If you were sick, which would you trust more? The advice from five doctors or from fifty random people who offered their advice as you walked down the street.
Unless you’ve had a really bad experience with doctors, you’ll probably trust the advice from the doctors. Even though you’re getting fewer opinions, you’re getting those opinions from experts. The quality of their opinions carries more weight.
It works the same way with search engines. They’ll count all the links pointing at web sites, but they don’t count them all equally. They give more weight to the links that are considered to be of better quality.
What’s a quality link? It’s one of those “you’ll know it when you see it” types of things in many cases. But a link from any large, respectable site is going to be higher on the quality scale than a link you might get from commenting on a blog. In addition, links from those in your “neighborhood”, sites that are topically relevant to your site, may also count more.
Is your site an authority? Like the example above with the doctors, Is your site a widely recognized leader in its field, area, business or in some other way? That’s the goal.
No one knows exactly how search engines calculate authority and, in fact, there are probably multiple “authority” signals. The type of links your site receives (lots of quality or ‘neighborhood’ links?) or social references (from respected accounts?) and engagement metrics (long clicks?) may all play a role in site authority. Of course, negative sentiment and reviews may hurt site authority too.
Since search engines are constantly visiting your web site, they can get a sense of what’s “normal” or how you’ve behaved over time. Are you suddenly linking out to what the search engines euphemistically call “bad neighborhoods?” Are you publishing content about a topic you haven’t typically covered? Such things might raise alarm bells. Then again, sites do change just like people do, and often for the better. Changes aren’t taken in isolation. Other factors are also assessed to determine if something worrisome has happened.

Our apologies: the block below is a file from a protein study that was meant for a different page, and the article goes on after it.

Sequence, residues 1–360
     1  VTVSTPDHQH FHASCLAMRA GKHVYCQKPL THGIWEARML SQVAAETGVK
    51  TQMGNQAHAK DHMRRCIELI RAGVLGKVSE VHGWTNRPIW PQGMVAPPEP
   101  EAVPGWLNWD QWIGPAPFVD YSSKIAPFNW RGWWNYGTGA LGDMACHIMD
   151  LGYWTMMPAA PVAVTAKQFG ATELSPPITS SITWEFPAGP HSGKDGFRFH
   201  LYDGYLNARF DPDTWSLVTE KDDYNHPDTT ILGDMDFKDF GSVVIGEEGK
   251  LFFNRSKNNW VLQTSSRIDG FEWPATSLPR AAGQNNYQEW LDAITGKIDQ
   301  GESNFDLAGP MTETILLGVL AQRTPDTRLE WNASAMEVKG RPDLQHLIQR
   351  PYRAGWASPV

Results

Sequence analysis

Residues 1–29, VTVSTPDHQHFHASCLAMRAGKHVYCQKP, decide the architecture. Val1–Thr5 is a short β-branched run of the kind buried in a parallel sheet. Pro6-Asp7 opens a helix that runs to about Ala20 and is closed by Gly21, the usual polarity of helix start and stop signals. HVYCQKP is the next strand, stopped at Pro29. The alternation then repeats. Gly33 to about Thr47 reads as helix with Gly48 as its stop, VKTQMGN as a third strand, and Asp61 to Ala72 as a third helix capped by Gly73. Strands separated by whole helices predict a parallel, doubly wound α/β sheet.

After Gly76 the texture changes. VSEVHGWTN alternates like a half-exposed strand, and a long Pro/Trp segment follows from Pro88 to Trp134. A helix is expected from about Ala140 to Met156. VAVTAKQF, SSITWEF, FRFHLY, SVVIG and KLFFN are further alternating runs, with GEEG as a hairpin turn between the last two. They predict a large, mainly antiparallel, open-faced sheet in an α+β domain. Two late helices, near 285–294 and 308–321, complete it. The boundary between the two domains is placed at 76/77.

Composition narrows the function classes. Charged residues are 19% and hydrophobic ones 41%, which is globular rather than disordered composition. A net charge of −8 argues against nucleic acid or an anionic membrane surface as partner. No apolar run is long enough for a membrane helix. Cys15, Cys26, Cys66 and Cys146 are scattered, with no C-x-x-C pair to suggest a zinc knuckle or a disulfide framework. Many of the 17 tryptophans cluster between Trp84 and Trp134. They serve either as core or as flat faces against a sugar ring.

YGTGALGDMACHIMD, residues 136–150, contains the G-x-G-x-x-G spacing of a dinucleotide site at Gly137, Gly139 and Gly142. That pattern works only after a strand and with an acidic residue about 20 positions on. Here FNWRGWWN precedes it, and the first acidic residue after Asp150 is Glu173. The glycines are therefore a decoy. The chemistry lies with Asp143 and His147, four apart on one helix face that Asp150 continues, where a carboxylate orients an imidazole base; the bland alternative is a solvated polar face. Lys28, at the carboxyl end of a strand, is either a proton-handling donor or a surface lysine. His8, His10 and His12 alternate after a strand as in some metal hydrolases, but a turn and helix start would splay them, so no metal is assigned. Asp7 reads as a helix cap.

Just as search engines don’t count all links equally, they don’t view all social accounts as being the same. This makes sense, since anyone can createa new social media account. What’s to prevent someone from making 100 different accounts in order to manufacture fake buzz?
Nothing, really, other than fake accounts like these can often be easy to spot. They may only have a handful of “quality” friends in their network and few might pass along material they share.
Ideally, you want to gain references from social accounts with good reputations. Having your own social presence that is well regarded is important. So participate on relevant social platforms in a real, authentic way, just as you would with your web site, or with customers in an offline setting.
One of the easiest personalization ranking factors to understand is that people are shown results relevant to the country they’re in. Someone in the US searching for “football” will get results about American football; someone in the UK will get results about the type of football that Americans would call soccer. If your site isn’t deemed relevant to a particular country, then you’ve got no chance of showing up when country personalization happens.